I can't help but comment on the press release by Natural England and subsequent blog post by Mark Avery (Conservation Director) at RSPB regarding the CCTV recording of an Eagle Owl harassing a female Hen Harrier at a nest site in Bowland. Given that there is recently being a Risk Assessment running with Fera regarding Eagle Owls one has to wonder about the timing of the release of this statement.
The story is getting a great deal of mileage and press as well as lots of comments. I've no doubt the shooting press will also pick up on it and it will appear in their magazines and websites. The obvious fact is it's predation and if Hen Harrier numbers were at a reasonable number in England of say 2 or 300 pairs then an incident of this nature wouldn't matter too much.
I spent much of the early afternoon reading published information from the BOU on the status of Eagle Owl and from the World Owl Trust (I suggest you set aside an hour minimum to take these in). I've also read a lot of mis-information, opinion presented as fact and attempts at sensationalism from some observers that ought to know better.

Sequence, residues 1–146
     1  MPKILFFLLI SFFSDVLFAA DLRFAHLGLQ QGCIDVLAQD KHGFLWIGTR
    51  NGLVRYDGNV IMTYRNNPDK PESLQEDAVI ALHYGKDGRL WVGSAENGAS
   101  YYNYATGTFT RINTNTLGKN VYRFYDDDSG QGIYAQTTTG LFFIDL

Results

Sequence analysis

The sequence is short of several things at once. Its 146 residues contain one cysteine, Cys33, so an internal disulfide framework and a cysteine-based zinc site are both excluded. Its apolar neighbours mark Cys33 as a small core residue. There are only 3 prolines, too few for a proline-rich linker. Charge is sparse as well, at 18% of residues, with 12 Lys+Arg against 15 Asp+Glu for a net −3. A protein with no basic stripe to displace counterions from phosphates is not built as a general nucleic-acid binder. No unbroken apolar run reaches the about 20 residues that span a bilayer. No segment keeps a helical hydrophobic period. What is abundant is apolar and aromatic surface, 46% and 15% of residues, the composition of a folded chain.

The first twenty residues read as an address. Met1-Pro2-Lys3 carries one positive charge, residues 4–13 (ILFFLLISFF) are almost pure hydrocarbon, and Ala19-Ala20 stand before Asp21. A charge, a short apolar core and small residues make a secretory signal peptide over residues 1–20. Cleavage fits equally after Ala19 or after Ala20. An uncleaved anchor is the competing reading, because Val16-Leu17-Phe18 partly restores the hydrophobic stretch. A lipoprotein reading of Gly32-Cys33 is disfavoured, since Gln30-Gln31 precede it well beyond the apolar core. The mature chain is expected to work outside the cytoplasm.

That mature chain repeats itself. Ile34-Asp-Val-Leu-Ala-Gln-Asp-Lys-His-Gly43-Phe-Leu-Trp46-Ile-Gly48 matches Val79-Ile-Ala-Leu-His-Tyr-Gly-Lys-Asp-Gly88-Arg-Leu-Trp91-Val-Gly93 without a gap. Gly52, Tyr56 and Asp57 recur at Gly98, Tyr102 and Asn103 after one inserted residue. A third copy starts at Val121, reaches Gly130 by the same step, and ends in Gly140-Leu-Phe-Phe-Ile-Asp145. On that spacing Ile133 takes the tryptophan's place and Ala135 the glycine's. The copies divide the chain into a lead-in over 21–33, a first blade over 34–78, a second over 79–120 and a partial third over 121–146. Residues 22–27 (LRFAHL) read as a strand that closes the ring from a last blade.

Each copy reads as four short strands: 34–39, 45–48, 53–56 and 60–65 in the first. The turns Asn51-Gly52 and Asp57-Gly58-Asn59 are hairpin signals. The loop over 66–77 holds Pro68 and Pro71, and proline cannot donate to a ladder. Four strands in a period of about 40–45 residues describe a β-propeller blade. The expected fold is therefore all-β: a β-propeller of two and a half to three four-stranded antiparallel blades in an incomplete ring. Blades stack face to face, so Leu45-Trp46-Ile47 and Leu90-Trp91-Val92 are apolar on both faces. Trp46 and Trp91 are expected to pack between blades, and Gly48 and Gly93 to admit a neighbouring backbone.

I have reached some conclusions though.
1. It strikes me that with a minimum escape figure numbering tens of birds annually the authorities should focus on restricting any further imports and introducing controls that would see existing birds ringed or tagged. Beefed up licence conditions including appropriate handling and traing certification might reduce the number of accidental escapes.
2. Research into the existing breeding birds is urgently required to document the diet of breeding Eagle Owl in the UK and should be undertaken by an independant authority.
3. Given the improvements in satellite tracking technology and the wealth of information derived from the use of it with re-introductions it should not be beyond the bounds of possibility to start sat tracking young birds from some of the (alleged) 44 breeding pairs.
Interesting that despite reports of the demise of the Bowland Eagle Owls, one observer reported two sightings today, one of a bird carrying food in Bowland. Same pair or different birds, who knows? but the story on these birds is far from over.
Edit : Have just seen and read the distressing news that three chicks have starved after the parents deserted (reason unknown), full story and pictures here. If the allegation that the RSPB and Natural England were aware of this for 10 days and did nothing are true then they should hang their heads in shame.